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Purdue Extension: Expert Resources for COVID-19
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Food Supply Chain and COVID-19

April 17, 2020
Lack of food

The COVID-19 pandemic has undoubtedly changed the way our daily lives are functioning. Routine tasks, such as going to the grocery store to purchase food not only involves practicing social distancing and other guidelines, but also asking ourselves questions like: is this store open during these hours? Is the product I am looking for going to be available or is it something that is being disrupted somewhere along the supply chain?

Most experts agree that at the moment, the U.S. has plenty of food to go around. Many of the limitations so far have been attributed to unique consumer behavior (see toilet paper) and delays and unpredictability with supply chains, mainly due to disruptions in shipping. This situation is constantly evolving however, and serious supply disruptions are not out of the question if a given industry is hit hard by the virus, such as the meat packing plant that closed this week in South Dakota. While news stories such as these are not comforting to hear, I am confident that the agriculture industry will respond and if we all are patient and work together, food supply disruptions should be minimal.

The U.S. food system is a very complicated system that involves a number of industries and a large part of the world. One thing some consumers are doing more so now than ever, is getting to know their local food producers in an attempt to cut out all of the middle men and potential disruptions. A few years ago, my counterpart in Tippecanoe County, Karen Mitchell, developed a Local Foods Guide for this region. This publication highlights some of the local foods producers in this area and provides their contact information and products they have available. This guide is available by clicking on this link, or simply by searching “Purdue Local Foods Guide” in a search engine: https://www.extension.purdue.edu/extmedia/CES/3-221.PDF The list of local farms in this document is plentiful, but is not necessarily comprehensive, so I would encourage you to look around social media and other sites for further options. Another source might be farmers who are active with the Monticello Farmer’s Market, a list of which can be found here: http://monticelloinfarmersmarket.weebly.com/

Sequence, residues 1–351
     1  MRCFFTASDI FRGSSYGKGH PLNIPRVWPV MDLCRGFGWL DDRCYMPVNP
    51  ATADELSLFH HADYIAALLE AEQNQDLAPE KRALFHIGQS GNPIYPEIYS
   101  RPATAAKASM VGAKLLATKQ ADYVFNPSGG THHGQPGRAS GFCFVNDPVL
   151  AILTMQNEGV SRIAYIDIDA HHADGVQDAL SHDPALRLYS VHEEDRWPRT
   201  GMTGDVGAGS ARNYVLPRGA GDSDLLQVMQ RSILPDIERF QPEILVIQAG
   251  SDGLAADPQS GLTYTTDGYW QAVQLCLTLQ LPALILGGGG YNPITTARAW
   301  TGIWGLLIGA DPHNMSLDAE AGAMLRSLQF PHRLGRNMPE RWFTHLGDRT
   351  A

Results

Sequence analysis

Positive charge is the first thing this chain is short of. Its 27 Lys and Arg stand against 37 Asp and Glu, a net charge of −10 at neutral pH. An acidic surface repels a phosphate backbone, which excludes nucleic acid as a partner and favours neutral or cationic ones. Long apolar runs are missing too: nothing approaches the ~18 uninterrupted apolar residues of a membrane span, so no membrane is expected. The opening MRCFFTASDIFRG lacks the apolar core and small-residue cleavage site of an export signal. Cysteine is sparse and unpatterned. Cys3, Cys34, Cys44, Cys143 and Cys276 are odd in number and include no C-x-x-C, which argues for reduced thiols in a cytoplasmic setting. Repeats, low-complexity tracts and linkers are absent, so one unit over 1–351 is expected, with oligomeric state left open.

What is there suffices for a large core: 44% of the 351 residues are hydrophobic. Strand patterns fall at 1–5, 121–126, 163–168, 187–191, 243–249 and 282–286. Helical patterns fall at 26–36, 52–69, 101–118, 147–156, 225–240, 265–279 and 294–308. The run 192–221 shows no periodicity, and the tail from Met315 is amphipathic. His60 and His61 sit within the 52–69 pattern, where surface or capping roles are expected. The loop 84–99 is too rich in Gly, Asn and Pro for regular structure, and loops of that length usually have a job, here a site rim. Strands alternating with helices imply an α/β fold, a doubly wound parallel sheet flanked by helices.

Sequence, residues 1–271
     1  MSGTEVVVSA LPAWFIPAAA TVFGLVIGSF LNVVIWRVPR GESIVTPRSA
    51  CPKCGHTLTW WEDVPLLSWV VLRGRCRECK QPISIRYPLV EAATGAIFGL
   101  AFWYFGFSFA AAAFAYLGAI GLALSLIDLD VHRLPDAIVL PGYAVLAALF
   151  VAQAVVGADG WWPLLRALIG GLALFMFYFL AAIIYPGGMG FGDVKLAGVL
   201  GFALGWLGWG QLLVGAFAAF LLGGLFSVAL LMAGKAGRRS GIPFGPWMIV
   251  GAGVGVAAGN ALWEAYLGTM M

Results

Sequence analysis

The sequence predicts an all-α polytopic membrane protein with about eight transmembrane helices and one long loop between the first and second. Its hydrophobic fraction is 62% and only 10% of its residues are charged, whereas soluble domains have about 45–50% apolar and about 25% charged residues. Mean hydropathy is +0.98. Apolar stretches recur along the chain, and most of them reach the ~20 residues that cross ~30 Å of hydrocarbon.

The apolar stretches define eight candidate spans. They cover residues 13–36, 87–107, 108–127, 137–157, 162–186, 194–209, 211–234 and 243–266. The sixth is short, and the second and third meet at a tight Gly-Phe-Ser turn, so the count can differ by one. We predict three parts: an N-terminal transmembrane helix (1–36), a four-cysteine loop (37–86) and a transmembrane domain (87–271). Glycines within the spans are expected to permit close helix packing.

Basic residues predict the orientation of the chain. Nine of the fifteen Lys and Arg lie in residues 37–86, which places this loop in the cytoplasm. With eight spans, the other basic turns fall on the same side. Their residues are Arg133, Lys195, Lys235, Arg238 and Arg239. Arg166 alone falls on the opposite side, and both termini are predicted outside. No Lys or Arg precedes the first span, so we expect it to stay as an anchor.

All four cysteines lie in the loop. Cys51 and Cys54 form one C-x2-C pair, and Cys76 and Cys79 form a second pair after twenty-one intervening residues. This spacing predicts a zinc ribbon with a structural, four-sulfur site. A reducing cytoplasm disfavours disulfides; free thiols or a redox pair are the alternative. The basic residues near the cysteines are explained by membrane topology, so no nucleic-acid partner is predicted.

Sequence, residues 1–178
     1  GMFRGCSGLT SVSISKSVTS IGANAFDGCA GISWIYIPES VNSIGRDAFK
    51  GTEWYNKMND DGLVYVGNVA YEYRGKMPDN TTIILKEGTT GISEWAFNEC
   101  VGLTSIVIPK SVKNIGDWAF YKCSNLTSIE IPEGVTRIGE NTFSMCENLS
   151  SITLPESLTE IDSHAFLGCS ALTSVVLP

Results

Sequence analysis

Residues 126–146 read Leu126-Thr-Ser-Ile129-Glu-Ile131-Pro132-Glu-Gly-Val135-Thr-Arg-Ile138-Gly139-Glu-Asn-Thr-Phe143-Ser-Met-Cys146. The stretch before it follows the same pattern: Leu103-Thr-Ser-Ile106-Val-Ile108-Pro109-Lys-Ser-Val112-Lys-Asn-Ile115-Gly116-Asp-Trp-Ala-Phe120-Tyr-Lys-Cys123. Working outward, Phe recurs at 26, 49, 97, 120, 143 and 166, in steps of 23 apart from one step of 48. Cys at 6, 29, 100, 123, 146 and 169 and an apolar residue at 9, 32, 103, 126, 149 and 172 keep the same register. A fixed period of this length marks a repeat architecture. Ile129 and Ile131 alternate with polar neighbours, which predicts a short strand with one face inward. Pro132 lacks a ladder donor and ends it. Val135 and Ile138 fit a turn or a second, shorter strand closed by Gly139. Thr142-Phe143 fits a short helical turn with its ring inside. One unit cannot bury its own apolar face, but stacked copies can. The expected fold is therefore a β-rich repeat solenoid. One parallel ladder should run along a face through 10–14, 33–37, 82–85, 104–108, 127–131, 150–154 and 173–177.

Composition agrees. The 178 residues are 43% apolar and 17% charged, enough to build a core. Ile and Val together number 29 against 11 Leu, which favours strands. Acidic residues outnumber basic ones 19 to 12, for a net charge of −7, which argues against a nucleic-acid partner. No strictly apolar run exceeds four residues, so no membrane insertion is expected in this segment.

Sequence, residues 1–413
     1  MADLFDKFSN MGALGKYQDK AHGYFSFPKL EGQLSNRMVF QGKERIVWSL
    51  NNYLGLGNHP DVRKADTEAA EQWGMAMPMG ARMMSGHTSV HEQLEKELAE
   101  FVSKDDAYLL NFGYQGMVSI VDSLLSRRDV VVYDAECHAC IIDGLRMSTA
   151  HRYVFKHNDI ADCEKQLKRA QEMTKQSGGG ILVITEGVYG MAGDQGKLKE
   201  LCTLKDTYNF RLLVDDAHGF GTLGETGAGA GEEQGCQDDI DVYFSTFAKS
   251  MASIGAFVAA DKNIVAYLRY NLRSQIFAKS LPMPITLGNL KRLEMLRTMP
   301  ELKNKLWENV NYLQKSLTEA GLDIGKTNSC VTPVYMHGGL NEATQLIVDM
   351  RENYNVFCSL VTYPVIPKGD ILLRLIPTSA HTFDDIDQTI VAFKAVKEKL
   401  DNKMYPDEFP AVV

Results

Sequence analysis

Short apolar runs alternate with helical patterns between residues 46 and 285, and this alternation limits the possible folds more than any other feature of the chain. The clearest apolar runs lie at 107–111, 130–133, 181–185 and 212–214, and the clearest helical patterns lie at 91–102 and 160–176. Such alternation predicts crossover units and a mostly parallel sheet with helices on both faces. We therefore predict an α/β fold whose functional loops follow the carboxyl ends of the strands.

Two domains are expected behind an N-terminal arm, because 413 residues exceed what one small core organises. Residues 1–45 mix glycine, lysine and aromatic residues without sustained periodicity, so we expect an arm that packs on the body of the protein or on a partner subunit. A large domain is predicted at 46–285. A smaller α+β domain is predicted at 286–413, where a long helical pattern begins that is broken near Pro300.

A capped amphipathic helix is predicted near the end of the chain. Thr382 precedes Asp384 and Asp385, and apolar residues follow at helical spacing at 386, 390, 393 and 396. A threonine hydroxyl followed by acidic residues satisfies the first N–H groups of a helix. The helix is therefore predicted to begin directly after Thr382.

Perhaps you might even be interested in growing or expanding your own garden this year in an effort to become more self-sufficient. If this is the case, I would highly encourage you to take a look at some of the information and resources available on Purdue’s Home Horticulture website: https://www.purdue.edu/hla/sites/yardandgarden/ 

as well as their growing Diversified Farm and Food Systems website: https://www.purdue.edu/dffs/ As always, please reach out to me if you have any questions. Our office is currently closed to the public, so e-mail is preferred at: awestfal@purdue.edu

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